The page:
educator who trained the nurses on the new equipment to join him and an ICU nurse in the operating room. He then pulls aside the
two charge nurses and says, we will send somebody. Relieve a nurse from
the current assignments. The charge nurses resist. No nurse they say can be spared. Quin takes their
assignment sheets from them and starts speaking to other nurses. He finds one with the right
skills who agrees to go. He contacts the OR, we’ll be right down. 10 minutes later he goes
back to get the nurse. She says, I’m sorry, I don’t
think I can go anymore. The other nurses had convinced her that it would be an unsafe
move to violate protocol. I couldn’t believe my
ears, remembers Quin, I was a bit panicked and began thinking, how am I gonna deal with this? It dawned on me that there was
one of the night shift nurses who was particularly
skilled with this device who was about to come in. He’d not yet been pressured to refuse. Quin contacts the nurse and he agrees. 15 minutes later, Quin,
the nurse, the educator, and the machine were all down in the OR. The next morning the cardiac surgeon calls Quin’s unit to thank the nurses for saving the patient’s life. So the next day, the first thing Quin does when he goes in is to listen to his staff. He then organizes two staff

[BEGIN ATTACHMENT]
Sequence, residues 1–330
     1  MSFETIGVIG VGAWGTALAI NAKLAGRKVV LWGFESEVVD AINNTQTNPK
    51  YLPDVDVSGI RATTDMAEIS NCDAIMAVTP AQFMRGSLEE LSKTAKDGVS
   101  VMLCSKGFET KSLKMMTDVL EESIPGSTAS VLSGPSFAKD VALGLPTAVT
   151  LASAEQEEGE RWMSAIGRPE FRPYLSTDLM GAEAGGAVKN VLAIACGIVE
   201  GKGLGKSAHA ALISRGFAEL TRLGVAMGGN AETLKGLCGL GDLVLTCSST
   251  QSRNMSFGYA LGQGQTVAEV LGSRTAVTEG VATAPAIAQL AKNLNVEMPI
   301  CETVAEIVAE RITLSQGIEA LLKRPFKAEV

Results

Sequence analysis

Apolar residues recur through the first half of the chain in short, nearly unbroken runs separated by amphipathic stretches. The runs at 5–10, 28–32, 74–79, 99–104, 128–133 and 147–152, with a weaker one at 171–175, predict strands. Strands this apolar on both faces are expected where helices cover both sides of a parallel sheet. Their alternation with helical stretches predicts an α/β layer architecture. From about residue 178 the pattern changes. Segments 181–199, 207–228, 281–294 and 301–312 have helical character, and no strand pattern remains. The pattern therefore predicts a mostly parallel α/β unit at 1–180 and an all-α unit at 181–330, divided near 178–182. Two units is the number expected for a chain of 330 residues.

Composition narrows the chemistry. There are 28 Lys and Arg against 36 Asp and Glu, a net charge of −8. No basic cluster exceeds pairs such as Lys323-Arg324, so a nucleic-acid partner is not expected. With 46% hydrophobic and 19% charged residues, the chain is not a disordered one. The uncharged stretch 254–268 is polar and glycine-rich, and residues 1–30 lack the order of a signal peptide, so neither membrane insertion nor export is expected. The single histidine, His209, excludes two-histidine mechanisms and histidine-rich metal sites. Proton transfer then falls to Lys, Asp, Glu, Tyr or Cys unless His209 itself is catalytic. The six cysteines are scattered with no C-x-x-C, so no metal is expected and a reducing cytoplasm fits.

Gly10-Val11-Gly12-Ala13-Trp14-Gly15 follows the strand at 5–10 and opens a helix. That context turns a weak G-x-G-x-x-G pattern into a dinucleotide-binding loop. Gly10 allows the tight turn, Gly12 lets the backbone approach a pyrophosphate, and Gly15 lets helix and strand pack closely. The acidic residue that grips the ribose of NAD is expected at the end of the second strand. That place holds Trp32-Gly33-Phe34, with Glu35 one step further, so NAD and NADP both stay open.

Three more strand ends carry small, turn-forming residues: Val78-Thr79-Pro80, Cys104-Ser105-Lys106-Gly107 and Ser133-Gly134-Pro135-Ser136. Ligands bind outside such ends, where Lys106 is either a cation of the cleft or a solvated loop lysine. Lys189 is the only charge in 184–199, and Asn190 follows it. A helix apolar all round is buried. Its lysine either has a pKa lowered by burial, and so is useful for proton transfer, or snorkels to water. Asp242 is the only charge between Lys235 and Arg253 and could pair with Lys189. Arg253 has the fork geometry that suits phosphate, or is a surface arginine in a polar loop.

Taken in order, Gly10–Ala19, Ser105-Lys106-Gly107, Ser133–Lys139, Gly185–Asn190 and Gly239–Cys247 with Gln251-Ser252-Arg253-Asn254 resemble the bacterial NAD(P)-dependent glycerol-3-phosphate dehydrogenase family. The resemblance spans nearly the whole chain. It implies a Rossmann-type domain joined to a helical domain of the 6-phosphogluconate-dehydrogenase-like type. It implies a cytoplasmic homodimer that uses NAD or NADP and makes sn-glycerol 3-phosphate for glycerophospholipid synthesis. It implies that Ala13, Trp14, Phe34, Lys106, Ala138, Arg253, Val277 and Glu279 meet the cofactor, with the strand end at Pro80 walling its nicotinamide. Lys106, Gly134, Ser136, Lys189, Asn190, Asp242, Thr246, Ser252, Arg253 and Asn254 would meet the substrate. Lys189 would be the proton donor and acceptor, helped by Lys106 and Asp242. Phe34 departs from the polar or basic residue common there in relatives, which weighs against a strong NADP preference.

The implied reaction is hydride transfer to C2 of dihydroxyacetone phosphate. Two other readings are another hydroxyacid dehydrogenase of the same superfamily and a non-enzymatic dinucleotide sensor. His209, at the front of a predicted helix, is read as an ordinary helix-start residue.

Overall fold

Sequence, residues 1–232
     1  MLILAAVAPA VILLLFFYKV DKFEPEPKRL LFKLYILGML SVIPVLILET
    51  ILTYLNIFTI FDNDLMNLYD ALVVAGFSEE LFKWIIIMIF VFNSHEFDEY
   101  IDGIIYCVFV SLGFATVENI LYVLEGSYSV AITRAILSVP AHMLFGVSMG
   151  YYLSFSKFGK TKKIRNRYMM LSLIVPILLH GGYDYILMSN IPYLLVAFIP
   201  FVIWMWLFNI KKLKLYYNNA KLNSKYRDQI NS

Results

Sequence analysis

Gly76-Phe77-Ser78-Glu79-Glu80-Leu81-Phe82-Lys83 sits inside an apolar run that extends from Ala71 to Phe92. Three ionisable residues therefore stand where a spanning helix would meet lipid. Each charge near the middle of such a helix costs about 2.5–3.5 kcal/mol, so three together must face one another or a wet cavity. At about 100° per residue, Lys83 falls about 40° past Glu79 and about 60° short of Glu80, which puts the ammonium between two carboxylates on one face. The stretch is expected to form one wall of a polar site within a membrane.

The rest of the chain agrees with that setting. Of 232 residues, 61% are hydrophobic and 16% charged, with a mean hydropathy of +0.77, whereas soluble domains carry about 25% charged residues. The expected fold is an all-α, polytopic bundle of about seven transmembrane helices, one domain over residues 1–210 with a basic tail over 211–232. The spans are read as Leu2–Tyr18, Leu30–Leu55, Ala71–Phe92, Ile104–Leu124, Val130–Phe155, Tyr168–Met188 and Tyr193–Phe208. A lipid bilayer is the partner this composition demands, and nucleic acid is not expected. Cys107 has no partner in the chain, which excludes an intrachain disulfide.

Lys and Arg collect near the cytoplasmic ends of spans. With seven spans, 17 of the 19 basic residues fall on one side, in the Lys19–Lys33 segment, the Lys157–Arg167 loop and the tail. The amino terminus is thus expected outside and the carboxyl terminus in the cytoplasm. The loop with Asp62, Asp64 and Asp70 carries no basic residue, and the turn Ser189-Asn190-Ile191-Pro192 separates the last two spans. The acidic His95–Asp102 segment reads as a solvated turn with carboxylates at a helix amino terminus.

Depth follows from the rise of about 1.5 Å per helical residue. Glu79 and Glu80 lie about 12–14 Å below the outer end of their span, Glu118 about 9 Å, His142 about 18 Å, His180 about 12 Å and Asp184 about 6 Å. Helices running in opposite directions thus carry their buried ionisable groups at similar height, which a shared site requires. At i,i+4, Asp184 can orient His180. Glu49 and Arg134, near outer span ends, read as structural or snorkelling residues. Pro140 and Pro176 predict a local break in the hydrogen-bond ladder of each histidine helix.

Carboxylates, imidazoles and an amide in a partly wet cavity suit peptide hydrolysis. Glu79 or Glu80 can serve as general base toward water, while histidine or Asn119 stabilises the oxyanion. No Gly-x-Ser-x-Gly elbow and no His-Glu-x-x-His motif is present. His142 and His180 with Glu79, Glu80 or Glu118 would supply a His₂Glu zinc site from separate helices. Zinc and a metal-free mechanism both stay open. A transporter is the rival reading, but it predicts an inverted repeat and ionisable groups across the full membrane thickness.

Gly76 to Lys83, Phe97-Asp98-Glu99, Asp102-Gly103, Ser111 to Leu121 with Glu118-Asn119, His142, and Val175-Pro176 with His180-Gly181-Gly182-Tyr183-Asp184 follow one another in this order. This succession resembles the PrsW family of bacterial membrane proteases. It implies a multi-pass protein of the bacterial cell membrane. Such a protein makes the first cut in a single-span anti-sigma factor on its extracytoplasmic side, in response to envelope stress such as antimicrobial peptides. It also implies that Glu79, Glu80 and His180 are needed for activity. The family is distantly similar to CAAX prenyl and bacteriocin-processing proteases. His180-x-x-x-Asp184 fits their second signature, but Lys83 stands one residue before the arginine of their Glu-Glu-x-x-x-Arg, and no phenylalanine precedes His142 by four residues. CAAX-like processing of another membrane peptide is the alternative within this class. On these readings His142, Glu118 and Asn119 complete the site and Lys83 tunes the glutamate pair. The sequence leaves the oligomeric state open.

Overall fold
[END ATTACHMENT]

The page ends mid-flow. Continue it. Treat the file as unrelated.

meetings every day for a week. He encourages the nurses to talk about why they became nurses. He says, once it was brought back to doing what was best for the patient, it was really only one
answer everyone had. It was agreed then in a moment
of an emergent situation, we need to do what we can for the patient. I was glad to know he said that I was not on an island. Okay, let’s now stipulate
that you read the article. And while we’re at it, let’s stipulate that we’re in a small class. How might we discuss this article? Most of your teachers here oughta encourage learning
through the process of discovery. And the process might be as
important as what you discover. For example, if I wanted to encourage us to notice the details
of a complex situation, I might ask you to describe
the situation Quin faced. Did you notice that the incident did not come pre-framed as
an ethical problem for Quin? That the situation was messy, ambiguous, fraught with conflicting aims, send help, obey rules and avoid punishment, don’t risk operating a new
machine in a new environment? I might ask us to wonder
about the kinds of capacities that Quin needed to figure things out. He was caring, obviously, he had the right values,
but was this enough? Did you notice that
Quin also needed to know how to care? Not simply to care, but how to care. He needed the skills of good listening, to have the empathy to figure out what the staff were thinking. Quin needed imagination skills to quickly see the alternatives and when each one failed,
he had to imagine more. I would want us to grapple with the choice-making
that Quin undertook. Quin was not simply being asked to think about the right thing to do. He actually had to do the right thing. He actually had to act. This was not a textbook
case in an ethics class. What character traits
did Quin need to act? For example, how important